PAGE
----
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Star Trek: Into the Inferno
June 9, 2010
A/N: This chapter is incredibly short, but I decided that was for the best. The way the other chapter is planned it will be much bigger.
Zuko and Suki padded silently through the verdant woodland covering the mountaintop. Or even worse, his sister and Ty Lee. I have to be especially be on guard for Ty Lee, he thought, thinking about the woman his sister used as one of her most dangerous weapons. All those acrobatic reflexes make it easy for her to stay silent, and damn hard for someone to detect until she's almost right on top of you. At the thought of Ty Lee, memories of Mai burst into his consciousness. He paused, his mind flashing back to that brutal day only last week when Mai engaged the guards on the loading dock, covering the escape of him and his friends.
I shouldn't have left you there, he thought to himself, his heart feeling as though it were caught in a vise as he relived what had happened that day. You should be with us.
He abruptly felt a warm pressure on his shoulder and Zuko's instincts took over and he whipped back around, prepared to blast whoever came near him. He forced himself to relax when he saw that it was only Suki giving him a curious look.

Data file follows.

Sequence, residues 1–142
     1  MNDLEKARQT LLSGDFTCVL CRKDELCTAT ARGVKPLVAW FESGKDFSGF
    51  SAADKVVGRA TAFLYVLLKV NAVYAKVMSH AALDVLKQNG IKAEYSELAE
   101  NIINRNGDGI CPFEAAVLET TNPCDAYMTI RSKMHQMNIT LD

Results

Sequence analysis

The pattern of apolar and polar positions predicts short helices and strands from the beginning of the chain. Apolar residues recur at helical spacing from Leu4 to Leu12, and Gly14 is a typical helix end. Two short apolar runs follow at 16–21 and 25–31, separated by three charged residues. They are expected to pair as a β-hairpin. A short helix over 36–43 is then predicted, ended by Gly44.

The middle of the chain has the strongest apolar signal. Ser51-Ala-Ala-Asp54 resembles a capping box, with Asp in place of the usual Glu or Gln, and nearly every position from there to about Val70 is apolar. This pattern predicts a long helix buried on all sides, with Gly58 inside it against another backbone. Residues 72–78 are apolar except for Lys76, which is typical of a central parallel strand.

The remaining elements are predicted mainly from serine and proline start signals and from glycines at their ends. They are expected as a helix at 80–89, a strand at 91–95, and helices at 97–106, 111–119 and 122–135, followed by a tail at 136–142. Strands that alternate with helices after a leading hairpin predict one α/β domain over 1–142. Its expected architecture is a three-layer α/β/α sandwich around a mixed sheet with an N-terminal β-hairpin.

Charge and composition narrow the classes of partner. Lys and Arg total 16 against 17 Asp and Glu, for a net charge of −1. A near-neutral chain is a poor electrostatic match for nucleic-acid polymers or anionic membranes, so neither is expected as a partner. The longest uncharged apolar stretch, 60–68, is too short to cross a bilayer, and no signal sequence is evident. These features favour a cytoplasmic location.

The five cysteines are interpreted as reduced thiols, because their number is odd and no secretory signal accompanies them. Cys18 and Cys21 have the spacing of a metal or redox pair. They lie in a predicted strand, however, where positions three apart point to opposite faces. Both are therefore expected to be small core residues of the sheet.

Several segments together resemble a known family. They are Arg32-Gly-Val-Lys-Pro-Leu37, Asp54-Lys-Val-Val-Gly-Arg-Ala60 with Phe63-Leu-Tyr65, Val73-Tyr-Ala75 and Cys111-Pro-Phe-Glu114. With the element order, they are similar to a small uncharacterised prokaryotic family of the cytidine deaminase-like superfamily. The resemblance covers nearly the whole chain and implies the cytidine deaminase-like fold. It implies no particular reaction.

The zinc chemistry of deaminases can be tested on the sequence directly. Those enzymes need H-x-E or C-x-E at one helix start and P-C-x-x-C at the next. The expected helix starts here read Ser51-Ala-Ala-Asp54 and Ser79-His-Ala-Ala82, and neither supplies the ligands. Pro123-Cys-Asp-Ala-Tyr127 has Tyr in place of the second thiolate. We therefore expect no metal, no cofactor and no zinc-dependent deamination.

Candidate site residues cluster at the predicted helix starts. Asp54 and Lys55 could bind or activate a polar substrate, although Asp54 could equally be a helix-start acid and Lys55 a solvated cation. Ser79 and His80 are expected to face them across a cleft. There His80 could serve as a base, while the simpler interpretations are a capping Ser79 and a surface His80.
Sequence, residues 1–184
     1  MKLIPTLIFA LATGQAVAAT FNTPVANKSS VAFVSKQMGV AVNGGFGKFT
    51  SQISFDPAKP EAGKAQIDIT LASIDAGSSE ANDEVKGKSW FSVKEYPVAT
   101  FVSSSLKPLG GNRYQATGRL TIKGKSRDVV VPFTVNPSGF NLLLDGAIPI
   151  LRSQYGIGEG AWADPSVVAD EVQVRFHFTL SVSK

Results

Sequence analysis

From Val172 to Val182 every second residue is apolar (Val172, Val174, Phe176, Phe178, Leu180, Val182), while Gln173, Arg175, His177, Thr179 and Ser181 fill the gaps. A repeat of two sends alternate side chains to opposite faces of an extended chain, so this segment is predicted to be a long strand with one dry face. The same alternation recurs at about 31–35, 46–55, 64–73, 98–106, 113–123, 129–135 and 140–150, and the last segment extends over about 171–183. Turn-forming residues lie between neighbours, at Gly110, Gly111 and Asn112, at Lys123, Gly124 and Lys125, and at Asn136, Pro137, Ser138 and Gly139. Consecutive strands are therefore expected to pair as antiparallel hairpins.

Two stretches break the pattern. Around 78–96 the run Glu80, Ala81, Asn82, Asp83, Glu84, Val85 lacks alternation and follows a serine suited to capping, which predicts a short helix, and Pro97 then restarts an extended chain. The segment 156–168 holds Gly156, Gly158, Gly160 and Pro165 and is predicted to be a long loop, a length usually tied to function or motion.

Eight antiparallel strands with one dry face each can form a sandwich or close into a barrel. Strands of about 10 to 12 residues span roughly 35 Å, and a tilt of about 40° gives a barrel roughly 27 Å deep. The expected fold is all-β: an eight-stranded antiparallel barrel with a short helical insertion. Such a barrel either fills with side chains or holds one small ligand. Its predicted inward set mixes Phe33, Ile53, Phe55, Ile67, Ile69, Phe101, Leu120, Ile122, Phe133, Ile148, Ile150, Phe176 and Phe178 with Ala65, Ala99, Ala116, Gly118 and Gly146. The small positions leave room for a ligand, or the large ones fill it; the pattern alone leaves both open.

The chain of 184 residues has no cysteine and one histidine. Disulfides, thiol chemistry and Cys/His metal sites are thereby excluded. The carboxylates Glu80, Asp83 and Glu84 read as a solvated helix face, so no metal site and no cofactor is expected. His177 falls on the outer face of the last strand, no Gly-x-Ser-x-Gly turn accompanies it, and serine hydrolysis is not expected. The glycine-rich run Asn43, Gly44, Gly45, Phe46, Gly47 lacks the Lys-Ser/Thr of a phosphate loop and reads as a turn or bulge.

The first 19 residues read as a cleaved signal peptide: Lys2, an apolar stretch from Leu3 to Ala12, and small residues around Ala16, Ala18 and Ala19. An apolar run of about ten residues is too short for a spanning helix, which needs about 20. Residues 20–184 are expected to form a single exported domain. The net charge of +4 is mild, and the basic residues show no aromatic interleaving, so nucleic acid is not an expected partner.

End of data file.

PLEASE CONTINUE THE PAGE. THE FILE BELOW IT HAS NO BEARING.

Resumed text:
"You still thinking about Mai?" she asked, concern evident on her voice. Zuko, simply nodded.
His friend released a half-sympathetic, half-frustrated sigh. "You know we couldn't take her with us, right? If we turned around we would've been captured again and we'd all be in that shithole together or worse." She gave a derisive shake of her head. "Besides, even if she had managed to escape with us, it's not like we would be able to trust her as far as we could throw her."
Zuko flinched at her tone. Hearing Suki talk of Mai like that, especially after what she did, never failed to send a surge of anger through him. Drawing himself up to his fight, he glared directly into her eyes. "She saved our collective asses back there, all right? I think that should've at least earned her a modicum trust."
Suki glared right back. "Some trust. She'd have to work damn hard to earn that from me, especially after what happened in the forest in Ba Sing Se." She shook her head in frustration. "That's irrelevant, however," she said a heartbeat later, suddenly sorrowful. "Men and women make their choices, right or wrong, and they have to live with those choices every single day. In the end, we become those choices."